“So I knew he was gonna try to be a little bit more patient, take his time and almost try to lull Tyson into a shot. I’ve got some texts on my phone after the Ortiz fight, where Tyson, I can’t remember exactly the wording, but basically saying: ‘I’m gonna put it on him from Round 1. He’s gonna try and take his time and I wanna put it on him from Round 1. Basically if he’s looking to  start slow, I’m gonna start fast.”

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Ben Davison on Anthony Joshua

“It always seemed I was always very negative to Joshua, but I wasn’t, but what I saw that he was very one-dimensional. I’d describe his, I’d say previous style, a bit like two men, each with a gun, firing shots and whoever lands first, because big heavyweights that are exchanging in that manner, it’s who lands first. Because they can all hurt each other.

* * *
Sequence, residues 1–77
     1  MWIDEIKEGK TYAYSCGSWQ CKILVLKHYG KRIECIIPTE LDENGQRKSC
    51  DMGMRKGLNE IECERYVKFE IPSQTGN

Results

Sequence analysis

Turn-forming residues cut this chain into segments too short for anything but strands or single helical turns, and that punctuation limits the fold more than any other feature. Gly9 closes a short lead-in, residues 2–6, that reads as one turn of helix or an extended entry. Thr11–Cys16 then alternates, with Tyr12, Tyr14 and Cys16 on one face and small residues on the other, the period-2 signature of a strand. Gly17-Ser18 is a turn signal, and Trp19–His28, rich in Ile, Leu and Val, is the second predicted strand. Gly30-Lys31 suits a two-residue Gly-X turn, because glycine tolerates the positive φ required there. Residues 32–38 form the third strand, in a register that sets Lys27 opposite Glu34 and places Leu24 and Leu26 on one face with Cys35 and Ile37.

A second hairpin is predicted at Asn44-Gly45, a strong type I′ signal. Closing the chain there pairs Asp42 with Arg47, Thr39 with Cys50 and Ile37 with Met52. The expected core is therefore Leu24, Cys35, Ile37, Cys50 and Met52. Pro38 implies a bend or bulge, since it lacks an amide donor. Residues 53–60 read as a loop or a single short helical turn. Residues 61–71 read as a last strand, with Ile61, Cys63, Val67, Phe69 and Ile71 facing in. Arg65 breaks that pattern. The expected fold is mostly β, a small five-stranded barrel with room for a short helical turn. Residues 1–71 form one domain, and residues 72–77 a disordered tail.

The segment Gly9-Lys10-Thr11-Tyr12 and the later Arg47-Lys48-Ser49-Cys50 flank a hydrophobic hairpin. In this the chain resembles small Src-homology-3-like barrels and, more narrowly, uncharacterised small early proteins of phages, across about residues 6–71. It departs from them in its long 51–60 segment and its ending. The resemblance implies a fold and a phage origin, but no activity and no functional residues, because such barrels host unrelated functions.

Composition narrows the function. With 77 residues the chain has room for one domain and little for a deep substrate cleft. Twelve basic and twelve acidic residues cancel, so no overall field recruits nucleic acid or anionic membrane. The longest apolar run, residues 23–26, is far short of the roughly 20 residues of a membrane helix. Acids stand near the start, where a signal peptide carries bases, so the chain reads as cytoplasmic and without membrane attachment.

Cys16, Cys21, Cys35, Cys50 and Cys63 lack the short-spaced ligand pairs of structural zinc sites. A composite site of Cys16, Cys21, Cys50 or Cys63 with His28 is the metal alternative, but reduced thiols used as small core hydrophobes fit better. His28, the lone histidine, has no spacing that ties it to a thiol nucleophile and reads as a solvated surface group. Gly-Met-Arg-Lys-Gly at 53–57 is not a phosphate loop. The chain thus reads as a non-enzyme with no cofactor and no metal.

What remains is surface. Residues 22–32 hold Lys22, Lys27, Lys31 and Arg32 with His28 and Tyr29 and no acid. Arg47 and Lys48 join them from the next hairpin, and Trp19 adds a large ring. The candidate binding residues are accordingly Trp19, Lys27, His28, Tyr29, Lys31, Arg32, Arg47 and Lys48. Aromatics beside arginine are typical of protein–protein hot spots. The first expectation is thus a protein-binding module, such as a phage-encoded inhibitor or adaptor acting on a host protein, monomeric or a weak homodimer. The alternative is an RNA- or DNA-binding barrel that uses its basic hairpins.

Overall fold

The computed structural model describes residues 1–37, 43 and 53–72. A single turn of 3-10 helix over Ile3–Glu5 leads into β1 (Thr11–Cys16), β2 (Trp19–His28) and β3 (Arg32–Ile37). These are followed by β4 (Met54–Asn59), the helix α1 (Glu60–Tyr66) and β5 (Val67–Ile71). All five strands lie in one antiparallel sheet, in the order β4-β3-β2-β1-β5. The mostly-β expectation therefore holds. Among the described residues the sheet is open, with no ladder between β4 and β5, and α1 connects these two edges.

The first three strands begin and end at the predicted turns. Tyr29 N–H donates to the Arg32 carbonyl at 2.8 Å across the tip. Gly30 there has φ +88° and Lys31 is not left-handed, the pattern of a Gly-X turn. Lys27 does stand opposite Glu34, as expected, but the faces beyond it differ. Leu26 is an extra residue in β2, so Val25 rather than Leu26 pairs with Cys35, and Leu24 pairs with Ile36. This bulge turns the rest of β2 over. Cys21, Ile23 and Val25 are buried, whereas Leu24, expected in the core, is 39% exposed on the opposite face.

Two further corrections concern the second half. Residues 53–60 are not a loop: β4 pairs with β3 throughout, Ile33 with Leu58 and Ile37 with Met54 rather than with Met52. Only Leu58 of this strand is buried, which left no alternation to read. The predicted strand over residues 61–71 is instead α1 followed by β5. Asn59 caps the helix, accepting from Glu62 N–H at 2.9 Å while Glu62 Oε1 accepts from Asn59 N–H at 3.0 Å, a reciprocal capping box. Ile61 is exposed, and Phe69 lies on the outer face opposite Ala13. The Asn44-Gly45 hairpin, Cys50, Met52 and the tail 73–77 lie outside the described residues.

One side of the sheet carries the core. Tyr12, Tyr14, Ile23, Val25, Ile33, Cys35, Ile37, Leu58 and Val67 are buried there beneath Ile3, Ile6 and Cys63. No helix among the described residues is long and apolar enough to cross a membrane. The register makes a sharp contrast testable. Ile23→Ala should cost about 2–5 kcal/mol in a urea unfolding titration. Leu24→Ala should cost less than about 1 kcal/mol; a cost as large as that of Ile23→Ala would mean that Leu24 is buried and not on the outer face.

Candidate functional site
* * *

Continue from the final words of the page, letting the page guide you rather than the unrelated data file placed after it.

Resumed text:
“The punch pattern was always left-right, left-right, left-right, very predictable. And I think someone with a bit of smarts or somebody who could get off first, could beat him to the punch. And I felt like he was vulnerable. Going from the first fight with Ruiz, he’d go jab, right hand, left hook, right uppercut, left hook every time – every time.

“From that to the second fight – and the thing was where you have to give credit – it was from one fight. And the amount of pressure that was on his shoulders going into that fight, to make those drastic changes in one camp, and to be able to look and go ‘Okay, I need to completely change what I’m doing,’ that takes tremendous balls, self-awareness – so many traits.

“The difference for me from the first fight to the second fight was obviously his mobility, his non-punching activity, he was a lot higher, a lot smarter with what he did. And people talk about boxing in a rhythm, but it doesn’t matter if you box in the same rhythm over and over and over, even if the rhythm looks fantastic, but if it’s the same rhythm all the time it becomes predictable. And that’s what he was doing before.

“But he was able to change his rhythm, be able to and punch and move, which is something that we’d never seen him do before. And he really showed another side to his game, which is something you have to have at the top level. If any top-level fighter is one-dimensional he’s gonna get found out against top-level fighters, I don’t care who you are.”